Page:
Wednesday, August 9, 2017: 4:00 PM
Portland Blrm 256, Oregon Convention Center
We have installed wireless sensor networks to monitor a number of green roof and plant-based stormwater control systems in Washington, DC – both federal and private, during the past three years. Many green roof systems have been installed using Leadership in Energy and Environmental Design (LEED) principles, and yet most are not monitored in any way, to allow for assessment of continued stormwater performance. We will describe and discuss two projects at the US Tax Court and at the US Botanic Garden, which provide insight into stormwater runoff and performance from urban stormwater mitigation structures. The sites are monitored using wireless sensor networks, with both environmental (weather station) sensors, soil moisture sensors, flow meters and drain gauge (pressure transducer) devices. Data are logged using EM50R radio dataloggers (Decagon Devices, Inc) on a 5-minute basis, and transmitted to a computer and radio basestation on site. Data are then assimilated into a database and charted graphically using Sensorweb software (Mayim, LLC). Real-time data are made available over the internet through a password-protected site.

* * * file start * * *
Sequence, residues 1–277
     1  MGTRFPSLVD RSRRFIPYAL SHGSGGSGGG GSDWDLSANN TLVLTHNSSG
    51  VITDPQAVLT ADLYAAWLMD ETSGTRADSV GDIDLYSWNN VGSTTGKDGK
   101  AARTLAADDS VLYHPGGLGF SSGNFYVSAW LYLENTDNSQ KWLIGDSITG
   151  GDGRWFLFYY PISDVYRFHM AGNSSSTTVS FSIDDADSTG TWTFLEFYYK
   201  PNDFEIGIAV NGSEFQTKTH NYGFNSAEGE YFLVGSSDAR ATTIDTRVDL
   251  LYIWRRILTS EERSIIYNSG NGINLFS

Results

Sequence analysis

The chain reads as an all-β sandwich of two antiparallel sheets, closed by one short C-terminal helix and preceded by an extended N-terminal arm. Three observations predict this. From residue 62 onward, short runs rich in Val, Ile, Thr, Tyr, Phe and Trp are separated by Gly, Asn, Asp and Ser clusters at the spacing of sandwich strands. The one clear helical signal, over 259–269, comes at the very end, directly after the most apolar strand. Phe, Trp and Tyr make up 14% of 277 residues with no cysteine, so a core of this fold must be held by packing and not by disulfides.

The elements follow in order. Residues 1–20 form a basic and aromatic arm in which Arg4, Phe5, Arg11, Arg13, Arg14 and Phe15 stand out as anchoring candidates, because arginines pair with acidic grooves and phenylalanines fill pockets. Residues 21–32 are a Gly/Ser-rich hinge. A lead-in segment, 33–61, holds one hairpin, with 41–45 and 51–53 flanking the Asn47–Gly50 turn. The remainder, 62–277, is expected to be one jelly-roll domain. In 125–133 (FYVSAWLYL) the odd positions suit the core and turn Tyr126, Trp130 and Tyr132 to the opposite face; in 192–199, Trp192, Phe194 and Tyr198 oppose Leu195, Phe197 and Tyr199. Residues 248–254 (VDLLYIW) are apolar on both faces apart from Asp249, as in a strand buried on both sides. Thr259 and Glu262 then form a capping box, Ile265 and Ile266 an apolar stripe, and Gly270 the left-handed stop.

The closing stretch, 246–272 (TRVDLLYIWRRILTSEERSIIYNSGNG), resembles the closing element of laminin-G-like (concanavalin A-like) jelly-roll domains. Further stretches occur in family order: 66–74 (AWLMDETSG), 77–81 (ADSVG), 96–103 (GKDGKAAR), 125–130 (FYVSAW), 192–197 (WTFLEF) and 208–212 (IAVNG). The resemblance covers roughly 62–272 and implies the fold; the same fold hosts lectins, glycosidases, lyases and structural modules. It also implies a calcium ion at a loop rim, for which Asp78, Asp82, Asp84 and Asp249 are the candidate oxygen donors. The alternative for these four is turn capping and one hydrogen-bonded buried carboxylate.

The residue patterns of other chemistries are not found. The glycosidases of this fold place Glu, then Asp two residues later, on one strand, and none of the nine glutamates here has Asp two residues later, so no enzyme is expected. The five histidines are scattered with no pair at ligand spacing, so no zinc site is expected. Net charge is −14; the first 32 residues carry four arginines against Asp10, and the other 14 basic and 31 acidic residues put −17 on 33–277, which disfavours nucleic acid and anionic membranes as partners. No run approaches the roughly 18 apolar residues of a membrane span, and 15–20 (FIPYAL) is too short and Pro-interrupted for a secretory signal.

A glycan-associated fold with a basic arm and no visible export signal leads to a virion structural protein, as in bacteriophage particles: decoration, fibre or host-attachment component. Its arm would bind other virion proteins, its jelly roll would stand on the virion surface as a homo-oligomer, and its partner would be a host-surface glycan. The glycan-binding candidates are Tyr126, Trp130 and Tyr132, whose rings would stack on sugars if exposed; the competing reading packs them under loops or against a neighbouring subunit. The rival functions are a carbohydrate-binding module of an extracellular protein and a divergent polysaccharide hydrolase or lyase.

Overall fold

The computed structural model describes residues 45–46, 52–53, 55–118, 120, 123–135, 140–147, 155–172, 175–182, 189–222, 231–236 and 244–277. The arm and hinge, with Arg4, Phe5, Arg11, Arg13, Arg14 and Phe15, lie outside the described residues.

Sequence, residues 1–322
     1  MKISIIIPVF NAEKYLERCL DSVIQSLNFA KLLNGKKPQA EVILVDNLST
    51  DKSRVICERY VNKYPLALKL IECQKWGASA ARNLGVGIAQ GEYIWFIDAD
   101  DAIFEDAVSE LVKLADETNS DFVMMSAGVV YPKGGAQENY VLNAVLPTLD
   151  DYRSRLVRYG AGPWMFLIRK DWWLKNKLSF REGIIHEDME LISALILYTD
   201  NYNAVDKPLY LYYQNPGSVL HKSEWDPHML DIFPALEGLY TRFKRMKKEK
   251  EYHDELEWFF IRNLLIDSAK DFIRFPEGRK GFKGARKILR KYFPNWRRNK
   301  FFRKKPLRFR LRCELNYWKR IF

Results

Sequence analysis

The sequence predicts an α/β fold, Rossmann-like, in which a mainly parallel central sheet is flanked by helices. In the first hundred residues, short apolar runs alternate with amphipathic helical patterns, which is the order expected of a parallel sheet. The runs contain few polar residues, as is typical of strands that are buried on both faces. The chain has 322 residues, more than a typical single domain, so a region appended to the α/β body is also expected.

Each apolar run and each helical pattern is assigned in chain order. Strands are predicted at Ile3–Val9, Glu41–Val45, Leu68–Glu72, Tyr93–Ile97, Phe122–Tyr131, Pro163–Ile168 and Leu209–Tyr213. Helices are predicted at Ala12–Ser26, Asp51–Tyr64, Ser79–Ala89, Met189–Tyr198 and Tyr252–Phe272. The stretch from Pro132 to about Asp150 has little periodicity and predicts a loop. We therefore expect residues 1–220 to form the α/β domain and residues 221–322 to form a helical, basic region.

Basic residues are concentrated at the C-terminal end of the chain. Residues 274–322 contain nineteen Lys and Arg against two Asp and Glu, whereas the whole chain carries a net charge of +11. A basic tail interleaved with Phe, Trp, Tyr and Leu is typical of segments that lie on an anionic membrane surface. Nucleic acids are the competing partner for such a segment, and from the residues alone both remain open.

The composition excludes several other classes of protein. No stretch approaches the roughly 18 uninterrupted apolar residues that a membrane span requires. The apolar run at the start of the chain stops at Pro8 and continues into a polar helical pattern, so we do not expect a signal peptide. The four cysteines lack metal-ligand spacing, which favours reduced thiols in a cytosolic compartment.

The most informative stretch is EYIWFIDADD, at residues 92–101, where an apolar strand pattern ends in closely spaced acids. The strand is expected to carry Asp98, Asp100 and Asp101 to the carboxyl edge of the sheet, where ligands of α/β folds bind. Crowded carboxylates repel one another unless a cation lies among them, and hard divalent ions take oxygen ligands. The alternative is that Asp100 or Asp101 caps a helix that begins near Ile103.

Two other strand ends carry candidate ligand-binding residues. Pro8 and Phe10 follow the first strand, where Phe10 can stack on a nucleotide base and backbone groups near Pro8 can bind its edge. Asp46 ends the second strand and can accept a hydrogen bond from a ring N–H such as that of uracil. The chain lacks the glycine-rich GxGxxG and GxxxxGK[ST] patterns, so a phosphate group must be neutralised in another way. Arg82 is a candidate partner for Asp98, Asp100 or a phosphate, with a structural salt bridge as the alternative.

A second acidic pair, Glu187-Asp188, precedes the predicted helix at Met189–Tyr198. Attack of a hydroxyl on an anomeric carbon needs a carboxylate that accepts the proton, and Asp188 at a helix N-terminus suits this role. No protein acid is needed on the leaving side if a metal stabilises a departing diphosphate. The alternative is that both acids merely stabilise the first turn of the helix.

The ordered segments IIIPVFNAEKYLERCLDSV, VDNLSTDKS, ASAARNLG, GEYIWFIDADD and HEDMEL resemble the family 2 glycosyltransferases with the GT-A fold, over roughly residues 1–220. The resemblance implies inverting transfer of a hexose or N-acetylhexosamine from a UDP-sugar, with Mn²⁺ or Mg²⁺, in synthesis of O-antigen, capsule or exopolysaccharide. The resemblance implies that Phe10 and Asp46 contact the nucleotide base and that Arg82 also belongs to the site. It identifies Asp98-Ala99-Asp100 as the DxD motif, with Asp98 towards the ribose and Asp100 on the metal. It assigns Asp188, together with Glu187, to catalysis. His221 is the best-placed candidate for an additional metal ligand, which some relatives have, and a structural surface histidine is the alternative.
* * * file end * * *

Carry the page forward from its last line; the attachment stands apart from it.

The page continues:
Results/Conclusions: The sensor data provide an accounting of rainfall and irrigation inputs, daily reference evapotranspiration (ETo), estimated daily crop water use (ETc) from soil moisture (Kc) data and verification via measuring runoff when it occured. The Sensorweb software not only allows real-time access to the data, but also for model-based analysis of the data. Data from 97 storm events from April, 2015 through October, 2016 will be presented. The implications of this work will be discussed in the context of measuring green roof performance for reducing impervious surface fees and the trading of stormwater credits.